Vietnam aims for more Japanese investments

February 29, 2012 | 13:53
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Vietnam aims to attract more small-and medium-sized enterprises from Japan to invest in the country, a seminar has heard.


This was highlighted by Director Do Nhat Hoang of the Foreign Investment Agency at the seminar on attracting Japanese firms into local industrial parks held by the Ministry of Planning and Investment in Hanoi on Monday.

There are currently 283 industrial parks in 58 provinces and cities nationwide, Hoang said, but up to 35 per cent of the space remains unoccupied.

“We want to get connected to the overseas investment strategy of Japan to fill up these industrial parks,” he said.

Minister Hideo Suzuki at the Japanese embassy in Vietnam said his government had developed a new development strategy, including promoting outbound investment, especially to Asian countries.

To deploy such a strategy, Japan has developed a supporting program for enterprises investing abroad to overcome the current economic stagnation in Japan.

Hideo Ohkubo, chairman of the global promotion committee for small and medium enterprises of the Tokyo Business Association, said the aging situation in Japan had narrowed down the domestic market.

Besides, Japan is coping with stagnant exporting industries due to continuous appreciation of the yen, the sharp decline in international competitiveness of Japan against the rise of other Asian countries and the consequences of the earthquake and tsunami last year.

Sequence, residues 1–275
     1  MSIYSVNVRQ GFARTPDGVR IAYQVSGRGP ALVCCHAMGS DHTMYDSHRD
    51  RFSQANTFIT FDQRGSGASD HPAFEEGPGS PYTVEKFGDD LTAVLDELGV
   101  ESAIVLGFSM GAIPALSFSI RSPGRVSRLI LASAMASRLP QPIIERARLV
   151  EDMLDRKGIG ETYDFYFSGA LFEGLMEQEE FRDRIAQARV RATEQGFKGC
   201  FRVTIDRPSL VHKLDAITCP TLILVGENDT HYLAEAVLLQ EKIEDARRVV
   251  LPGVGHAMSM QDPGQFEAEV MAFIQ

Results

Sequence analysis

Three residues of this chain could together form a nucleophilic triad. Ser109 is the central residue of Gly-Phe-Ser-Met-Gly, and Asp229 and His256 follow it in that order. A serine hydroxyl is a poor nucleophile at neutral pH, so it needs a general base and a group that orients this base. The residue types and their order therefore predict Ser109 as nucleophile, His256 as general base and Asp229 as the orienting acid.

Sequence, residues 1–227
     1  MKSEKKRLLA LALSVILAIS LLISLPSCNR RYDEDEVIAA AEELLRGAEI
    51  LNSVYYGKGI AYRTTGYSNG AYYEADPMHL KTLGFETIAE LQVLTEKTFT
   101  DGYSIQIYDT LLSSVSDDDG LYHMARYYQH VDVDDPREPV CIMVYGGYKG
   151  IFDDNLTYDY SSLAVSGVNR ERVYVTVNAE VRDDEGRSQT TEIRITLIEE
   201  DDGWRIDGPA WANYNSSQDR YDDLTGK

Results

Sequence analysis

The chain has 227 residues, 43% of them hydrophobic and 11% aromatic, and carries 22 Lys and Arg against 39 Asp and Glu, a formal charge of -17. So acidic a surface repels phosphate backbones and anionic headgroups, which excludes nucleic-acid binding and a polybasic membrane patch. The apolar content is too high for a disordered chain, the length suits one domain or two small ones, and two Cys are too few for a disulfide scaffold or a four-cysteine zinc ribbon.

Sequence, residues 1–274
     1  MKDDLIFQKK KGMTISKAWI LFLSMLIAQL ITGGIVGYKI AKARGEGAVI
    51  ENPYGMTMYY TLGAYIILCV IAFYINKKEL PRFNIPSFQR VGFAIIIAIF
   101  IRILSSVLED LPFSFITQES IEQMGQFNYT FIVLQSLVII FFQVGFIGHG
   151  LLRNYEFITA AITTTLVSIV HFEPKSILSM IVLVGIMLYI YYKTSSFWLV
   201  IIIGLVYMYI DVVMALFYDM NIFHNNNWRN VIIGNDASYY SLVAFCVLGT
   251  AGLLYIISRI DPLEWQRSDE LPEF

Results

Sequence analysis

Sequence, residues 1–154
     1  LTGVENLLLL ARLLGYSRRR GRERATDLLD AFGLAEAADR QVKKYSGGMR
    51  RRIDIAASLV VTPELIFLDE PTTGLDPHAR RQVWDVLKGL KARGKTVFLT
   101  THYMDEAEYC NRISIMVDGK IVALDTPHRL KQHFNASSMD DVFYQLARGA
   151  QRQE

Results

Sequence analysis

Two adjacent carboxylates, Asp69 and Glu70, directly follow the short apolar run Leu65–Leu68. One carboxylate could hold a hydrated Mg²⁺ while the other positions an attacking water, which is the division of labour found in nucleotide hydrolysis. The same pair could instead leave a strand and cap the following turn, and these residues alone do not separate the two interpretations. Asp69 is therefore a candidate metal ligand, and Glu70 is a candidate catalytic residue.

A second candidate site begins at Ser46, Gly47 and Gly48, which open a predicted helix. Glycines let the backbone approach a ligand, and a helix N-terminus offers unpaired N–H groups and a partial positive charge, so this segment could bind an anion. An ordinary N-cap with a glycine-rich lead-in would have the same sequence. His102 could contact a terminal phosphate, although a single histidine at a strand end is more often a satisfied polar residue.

However, whether Japanese firms will choose to invest in Vietnam in response to their government’s strategy remains a question.

Ohkubo estimated up to 97.3 per cent of the 220,000 small and medium enterprises in the manufacturing industry did their businesses at home.

Most of the Japanese investors overseas are large groups and corporations, while small and medium firms haven’t got used to investing abroad, he said.

Japanese businesses consider Vietnam a more attractive destination for production expansion than India and Thailand, and the third appealing destination in terms of consumption market after India and Indonesia.

“Still, most Japanese small and medium-sized enterprises are hesitant to invest in Vietnam,” said Ohkubo.

Yoshifumi Tsujio, an expert at the Japan International Cooperation Agency (JICA), said Japanese firms would make investment decisions more easily when Vietnamese industrial parks have completed infrastructure.

Besides, Japanese enterprises seek sufficient services, local staffs that comprehend the Japanese language and culture, and Japanese employees who are willing to reside in industrial parks.

Ohkubo said India, Indonesia and Thailand had developed industrial zones that satisfy the working and living demands of Japanese investors.

Even the lately opened Myanmar has accepted Japan’s consultancy to buil Japanese-style industrial parks to attract Japanese investors.

He recommended Vietnam to turn industrial parks to small cities to attract FDI capital of small and medium Japanese enterprises.

Japan is the 4th biggest foreign investor in Vietnam with over 1,600 projects worth $23.6 billion, according to the Ministry of Planning and Investment.


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